Martin Luther sounded the same theme at a time when people had once again forgotten​

that God gives not because of people’s ability to be good, but because giving is who God is. Luther praised God’s grace, not human works or effort And proclaimed a radical freedom in Christ which liberated people from compulsion and fear And set them free to love God and neighbor as a response to God first loving them. The key insight of grace undergirded the entire Reformation And Luther translated the bible and the worship service into the native tongue so that everyone could learn about it.

Back at the Reuning-Scherer household, we parents have been talking with Stephanie about this job:

That it is an incredible privilege to be working in her field,

The gifts of the connections that brought this opportunity to her,

and the blessing that God has worked in her life.

We want her to notice God’s amazing abundance.

We don’t want to take for granted the possibilities she has before her

We want her to be grateful, because we know that a thankful heart is a happy heart.

So we have been talking about a spiritual practice to help Stephanie remember these blessings. We have suggested she give away 10% of her earnings as a sign of gratitude. At first she was not crazy about the idea— after all, Steph is the girl that doesn’t even like to share her tortilla chips! but when I reminded her that she still of 90% for spending & saving, she accepted it. And while we invited her to think about giving the money to a church, since the church is the reason she got this job,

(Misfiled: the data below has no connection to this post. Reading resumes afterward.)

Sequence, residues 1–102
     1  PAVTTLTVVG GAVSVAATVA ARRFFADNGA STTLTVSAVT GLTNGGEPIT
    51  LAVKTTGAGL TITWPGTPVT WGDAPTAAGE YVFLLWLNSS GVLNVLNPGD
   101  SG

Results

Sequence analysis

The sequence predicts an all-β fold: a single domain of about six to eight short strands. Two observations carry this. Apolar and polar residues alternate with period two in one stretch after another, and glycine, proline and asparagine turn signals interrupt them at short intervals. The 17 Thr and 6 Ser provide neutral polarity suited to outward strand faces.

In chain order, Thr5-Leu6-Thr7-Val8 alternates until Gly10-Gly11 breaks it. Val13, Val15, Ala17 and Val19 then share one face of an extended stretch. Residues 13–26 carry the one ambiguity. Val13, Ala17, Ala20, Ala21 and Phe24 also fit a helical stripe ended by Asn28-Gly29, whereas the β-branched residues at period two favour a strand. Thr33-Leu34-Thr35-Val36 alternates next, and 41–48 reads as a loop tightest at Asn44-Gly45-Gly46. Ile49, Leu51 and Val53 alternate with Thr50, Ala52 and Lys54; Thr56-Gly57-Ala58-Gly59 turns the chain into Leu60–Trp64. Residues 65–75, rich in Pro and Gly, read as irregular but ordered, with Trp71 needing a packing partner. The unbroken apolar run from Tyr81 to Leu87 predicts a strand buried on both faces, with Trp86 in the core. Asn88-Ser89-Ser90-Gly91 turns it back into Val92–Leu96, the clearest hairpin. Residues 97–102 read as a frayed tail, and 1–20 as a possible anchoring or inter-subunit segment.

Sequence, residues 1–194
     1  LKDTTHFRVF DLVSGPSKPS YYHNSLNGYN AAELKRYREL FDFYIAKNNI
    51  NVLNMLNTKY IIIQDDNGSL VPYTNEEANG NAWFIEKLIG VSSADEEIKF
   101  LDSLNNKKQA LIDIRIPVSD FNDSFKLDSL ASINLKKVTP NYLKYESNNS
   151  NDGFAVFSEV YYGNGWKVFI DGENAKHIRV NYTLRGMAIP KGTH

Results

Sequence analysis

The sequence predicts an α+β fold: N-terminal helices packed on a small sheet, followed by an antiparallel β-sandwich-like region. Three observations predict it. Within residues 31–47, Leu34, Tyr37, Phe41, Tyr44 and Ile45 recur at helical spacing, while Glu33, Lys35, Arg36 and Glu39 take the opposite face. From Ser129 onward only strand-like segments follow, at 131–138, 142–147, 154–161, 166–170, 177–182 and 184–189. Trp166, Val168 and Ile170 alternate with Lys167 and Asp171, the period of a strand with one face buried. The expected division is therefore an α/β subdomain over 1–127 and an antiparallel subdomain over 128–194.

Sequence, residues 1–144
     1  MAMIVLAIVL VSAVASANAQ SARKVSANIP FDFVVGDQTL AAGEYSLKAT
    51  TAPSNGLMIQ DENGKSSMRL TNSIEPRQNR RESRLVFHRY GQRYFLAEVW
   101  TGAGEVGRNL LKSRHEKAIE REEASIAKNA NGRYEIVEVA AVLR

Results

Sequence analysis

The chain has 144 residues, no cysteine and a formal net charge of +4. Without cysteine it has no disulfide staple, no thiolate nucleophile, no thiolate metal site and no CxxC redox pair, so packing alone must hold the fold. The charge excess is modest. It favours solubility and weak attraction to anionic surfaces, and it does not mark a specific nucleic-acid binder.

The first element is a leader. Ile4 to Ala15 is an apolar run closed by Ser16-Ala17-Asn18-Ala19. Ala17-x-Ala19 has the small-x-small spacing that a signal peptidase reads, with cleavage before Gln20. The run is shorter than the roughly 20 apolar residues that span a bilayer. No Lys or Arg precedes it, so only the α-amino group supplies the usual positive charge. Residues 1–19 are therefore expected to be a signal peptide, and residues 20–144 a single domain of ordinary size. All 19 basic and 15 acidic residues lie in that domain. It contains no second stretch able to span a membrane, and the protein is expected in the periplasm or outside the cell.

we gave her the option to support another organization that has a mission she believes in. The most important thing is to acknowledge where the gift comes from—from God—

And to give in such a way that glorifies God.

Now lest you think that we are miracle parents, I have to confess to you that the jury is still out on what Stephanie will do with her first check, as she has not yet been paid.

But I will encourage this spiritual practice because I have found it beneficial in my life.

Making an offering is really a way to experience God’s abundance. Instead of rushing by God’s good gifts, when we thoughtfully consider a gift we slow down and savor what we already have. It’s like the difference between driving by your favorite the rose garden And actually taking the time to walk the garden and notice the sparkle of dew on a petal and to smell the subtle variations of scent in each bloom.

When you make a gift, you are paying attention to the generosity of God, and feeling the joy of gratitude. Grace is the reality that is all around us God’s gratuitous abundance is woven throughout the universe Our response is to notice it, and to respond.

That’s what today is about as we bring our intended giving cards before the altar.

Our giving here at SM is more than paying for ministries we value It is about recognizing the miracle of God’s abundant giving to us—an unearned gift of grace. Our giving becomes a response of gratitude In the act of giving we enter into the cycle of abundance Where blessings beget more blessings.

Where as Jesus said, My father is glorified by this, that you bear much fruit and become my disciples.